1. Linda, you're right... not easy, but doable. And anything worth having is worth doing, despite all obstacles. Thanks for your comment.

  3. That's a tough one, great advice though Karlene. I would say, you never know what life is going to throw at you and college is an experience you don't want to miss. So do both!

    1. Thanks Heather, it may not be for everyone, but this is a must for some airlines. And... it's great just to learn!

  4. Good topic. One that could be very helpful to many aspiring pilots. I'll give my inputs :)

    A-type get'r done personalities are what Pilots are. It's important, but also important to know it as to not fall into the trap of get-home itis.

    Anyway as for the college and flight school, all these are good options.
    For me, I went to a flight college. I'm not embarrassed to say the name so, it's Seneca College (in Toronto).
    It is an integrated airline transport pilot licence program. Upon completion, in such timely manner, it gives you a CPL, a Group 1 Inst Rating (MIFR), completed ATPL exams (prior to 750hrs min to write it), and around 200 to 230 hours total time, as well as a Bachelors Degree in Aviation Technology.

    It is 4 years though. But the best part of this program is that it is government subsidized. You only pay the tuition fees for every semester, academic and flying. It's a trimester program. First year is all academic. Then Flying semesters are done in the summer and the other semesters are flying mixed with academics in the schedules. IT IS A FULL TIME JOB.
    It was really difficult for me to find even a part-time job that would allow such changes in schedules but it's what had to be done.

    Total flying hours converted into money spent would probably be around $120k whereas we only paid around $45k. What a deal!

    But it's not for everyone. I'm just putting it out there as a viable option for some people.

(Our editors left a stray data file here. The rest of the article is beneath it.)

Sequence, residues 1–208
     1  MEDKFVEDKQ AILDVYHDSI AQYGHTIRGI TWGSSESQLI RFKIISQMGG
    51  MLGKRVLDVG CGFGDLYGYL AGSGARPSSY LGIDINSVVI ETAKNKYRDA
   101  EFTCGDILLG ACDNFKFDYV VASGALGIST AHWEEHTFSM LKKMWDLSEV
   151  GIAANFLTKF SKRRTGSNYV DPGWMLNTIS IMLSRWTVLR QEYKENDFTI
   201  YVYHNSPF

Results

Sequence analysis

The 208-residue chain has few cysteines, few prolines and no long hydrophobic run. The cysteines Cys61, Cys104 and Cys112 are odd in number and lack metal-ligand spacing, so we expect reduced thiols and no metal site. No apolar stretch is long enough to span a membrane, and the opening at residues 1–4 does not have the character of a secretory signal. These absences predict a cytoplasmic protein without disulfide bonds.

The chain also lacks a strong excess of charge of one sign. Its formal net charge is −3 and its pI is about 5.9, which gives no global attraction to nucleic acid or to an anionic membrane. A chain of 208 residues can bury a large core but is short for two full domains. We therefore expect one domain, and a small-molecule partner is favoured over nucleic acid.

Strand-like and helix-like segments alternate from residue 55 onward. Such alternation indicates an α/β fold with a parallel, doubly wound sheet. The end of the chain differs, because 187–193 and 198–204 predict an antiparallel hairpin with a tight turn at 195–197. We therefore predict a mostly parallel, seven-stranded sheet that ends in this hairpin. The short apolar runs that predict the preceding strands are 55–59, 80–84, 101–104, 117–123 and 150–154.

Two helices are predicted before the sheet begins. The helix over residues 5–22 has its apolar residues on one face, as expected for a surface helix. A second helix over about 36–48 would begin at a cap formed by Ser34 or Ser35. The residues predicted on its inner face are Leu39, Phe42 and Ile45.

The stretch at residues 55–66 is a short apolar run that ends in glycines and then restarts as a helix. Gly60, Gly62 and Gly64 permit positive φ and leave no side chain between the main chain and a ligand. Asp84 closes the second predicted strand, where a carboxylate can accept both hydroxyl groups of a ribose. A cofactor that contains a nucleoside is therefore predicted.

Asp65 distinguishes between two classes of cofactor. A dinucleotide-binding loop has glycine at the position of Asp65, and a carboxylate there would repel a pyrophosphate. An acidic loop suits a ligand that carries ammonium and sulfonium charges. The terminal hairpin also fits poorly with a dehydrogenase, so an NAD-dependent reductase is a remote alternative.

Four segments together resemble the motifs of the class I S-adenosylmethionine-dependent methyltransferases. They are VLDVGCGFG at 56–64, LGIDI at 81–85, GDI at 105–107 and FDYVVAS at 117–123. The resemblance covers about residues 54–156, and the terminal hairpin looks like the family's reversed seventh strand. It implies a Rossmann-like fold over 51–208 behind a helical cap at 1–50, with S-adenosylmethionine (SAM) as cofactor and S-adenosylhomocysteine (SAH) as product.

Cheers :)

    1. Ramiel, This is a HECK of an opportunity! Sorry for the delayed response... I'm on the road and schedule has been a challenge. I am so glad you shared this viable option. There are schools in the US like this too. A great option for someone with limited funds. While it seems a lot of money, it really is a great value. Learning is a full time job for sure!

  5. Hey, I know Danny Sallee (since his preschool days in fact)Glad to hear he is flying the big stuff now!

    1. Hi Cathy, Thank you for the comment! Yes... it's such a small world. We'll have a reunion soon! Looking forward to seeing you. We'll have to bring Danny!

  6. Karlene, I just saw this, awesome! I would stress to anyone learning to fly and wanting to do it professionally, that a degree is a MUST! I have seen a lot of people trying for jobs like fedex or southwest and never getting call because they don't have a degree. I think it's a crazy retirement as many of these people are highly qualified pilots and would make great employees but that's what human resources wants to see so it's very important to meet all qualifications when your time comes. Thanks for posting this!

    1. Hi Danniel (Danny) thank you for the comment. It pulled me back to this page and I had so many wonderful comments to address. You are so right, a degree is a must. I know this is not easy for you with the schedules, but I also know anyone can do it if they want it badly enough!
      Sometimes it doesn't make sense, but then HR must have a way to select the top achievers from the pool. Thanks for the comment!